More and more debit and credit cards issued in the U.S. will be embedded with a chip that's meant to fight fraud.
That's why people across the U.S. have been receiving new cards from their banks recently, and while they might look similar to your old ones, the technology installed in them is very different.
These new cards are referred to several different ways: Chip-and-pin cards, chip-and-signature cards or EMV (EMV is short for Europay, MasterCard and Visa, the three payment groups behind the new chips).
About one in five Americans have experienced debit card fraud in the past five years, according to a 2014 poll by ACI Worldwide and Aite Group. In an effort to fight the ongoing problem -- that's costing about $8.6 billion a year in the U.S. -- many cards now come equipped with an EMV chip.
According to Bankrate, the chip contains a tiny microprocessor that:
- Securely stores your payment information.
- Sends a unique, 1-time-use digital code to the payment terminal.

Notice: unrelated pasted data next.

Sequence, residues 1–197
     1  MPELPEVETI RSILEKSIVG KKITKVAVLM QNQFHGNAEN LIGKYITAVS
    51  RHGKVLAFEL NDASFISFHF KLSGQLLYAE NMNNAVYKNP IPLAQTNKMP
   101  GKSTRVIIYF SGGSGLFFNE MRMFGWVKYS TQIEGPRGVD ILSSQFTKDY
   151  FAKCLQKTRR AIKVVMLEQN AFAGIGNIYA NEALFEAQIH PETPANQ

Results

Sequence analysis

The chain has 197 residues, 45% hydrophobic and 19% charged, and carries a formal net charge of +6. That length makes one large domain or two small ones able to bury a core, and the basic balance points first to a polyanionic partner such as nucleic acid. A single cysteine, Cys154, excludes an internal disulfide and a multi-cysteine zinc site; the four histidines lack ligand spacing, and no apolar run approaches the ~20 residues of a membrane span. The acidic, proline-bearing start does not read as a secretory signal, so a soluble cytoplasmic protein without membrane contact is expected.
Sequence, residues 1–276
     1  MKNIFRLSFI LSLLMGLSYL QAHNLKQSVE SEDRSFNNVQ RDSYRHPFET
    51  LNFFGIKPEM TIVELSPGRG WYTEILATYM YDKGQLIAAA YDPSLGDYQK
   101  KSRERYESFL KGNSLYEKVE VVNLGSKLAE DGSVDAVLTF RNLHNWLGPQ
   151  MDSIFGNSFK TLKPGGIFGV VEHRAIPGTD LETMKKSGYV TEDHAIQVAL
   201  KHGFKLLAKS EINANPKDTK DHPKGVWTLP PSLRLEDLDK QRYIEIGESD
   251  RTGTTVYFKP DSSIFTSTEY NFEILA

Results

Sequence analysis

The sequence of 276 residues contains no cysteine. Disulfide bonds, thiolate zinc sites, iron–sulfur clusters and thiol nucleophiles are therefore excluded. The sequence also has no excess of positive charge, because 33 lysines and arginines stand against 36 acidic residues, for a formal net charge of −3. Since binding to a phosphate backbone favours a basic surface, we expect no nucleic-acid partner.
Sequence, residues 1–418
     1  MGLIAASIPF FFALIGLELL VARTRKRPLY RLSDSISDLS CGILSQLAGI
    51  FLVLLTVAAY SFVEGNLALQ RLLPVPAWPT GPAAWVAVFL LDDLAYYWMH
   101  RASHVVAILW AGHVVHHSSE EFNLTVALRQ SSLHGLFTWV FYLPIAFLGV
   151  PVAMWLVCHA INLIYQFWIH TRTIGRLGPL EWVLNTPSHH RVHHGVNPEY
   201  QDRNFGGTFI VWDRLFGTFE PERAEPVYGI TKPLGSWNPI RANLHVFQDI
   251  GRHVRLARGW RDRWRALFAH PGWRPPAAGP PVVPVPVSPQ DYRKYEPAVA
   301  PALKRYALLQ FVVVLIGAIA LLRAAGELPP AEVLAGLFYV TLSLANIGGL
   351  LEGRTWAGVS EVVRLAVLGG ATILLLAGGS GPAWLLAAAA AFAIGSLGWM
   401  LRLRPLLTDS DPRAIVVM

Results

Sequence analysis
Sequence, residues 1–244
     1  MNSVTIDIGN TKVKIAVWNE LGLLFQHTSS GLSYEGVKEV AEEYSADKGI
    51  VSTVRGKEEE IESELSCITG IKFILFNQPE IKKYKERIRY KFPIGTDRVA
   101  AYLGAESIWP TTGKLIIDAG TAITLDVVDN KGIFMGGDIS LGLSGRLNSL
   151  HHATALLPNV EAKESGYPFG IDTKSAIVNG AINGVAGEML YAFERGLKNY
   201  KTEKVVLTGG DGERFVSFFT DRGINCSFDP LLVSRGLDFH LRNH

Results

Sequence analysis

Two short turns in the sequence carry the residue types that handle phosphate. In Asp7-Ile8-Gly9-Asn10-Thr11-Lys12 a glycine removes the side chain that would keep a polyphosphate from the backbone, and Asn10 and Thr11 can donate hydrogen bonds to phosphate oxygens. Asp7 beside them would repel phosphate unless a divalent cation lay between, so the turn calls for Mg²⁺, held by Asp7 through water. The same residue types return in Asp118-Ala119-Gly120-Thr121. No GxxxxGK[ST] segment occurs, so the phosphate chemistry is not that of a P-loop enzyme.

"From this point forward, you will see most banks issuing EMV-capable cards," Julie Conroy, research director at Aite, told Bankrate. "The smaller banks are a little bit further behind in the reissuance process."
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The idea is to prevent thieves from being able to easily replicate cards and steal people's personal information.
"In the current environment, all the criminals have to do is take that card information and they can create a card, or they can use any gift card that they get off the rack and put a new card number on the mag stripe, and then use it to conduct unauthorized transactions," Doug Johnson, senior vice president of payments and cybersecurity policy at the American Bankers Association, told Bankrate.
The new chips make that process a lot more difficult, since thieves won't be able to replicate the unique code generated at each transaction.
Bankrate says the way the chips can prevent fraud should entice all consumers to switch over to an EMV-capable debit or credit card.
For more details on the new standard and how merchants will be involved in the process of switching payment systems, click here.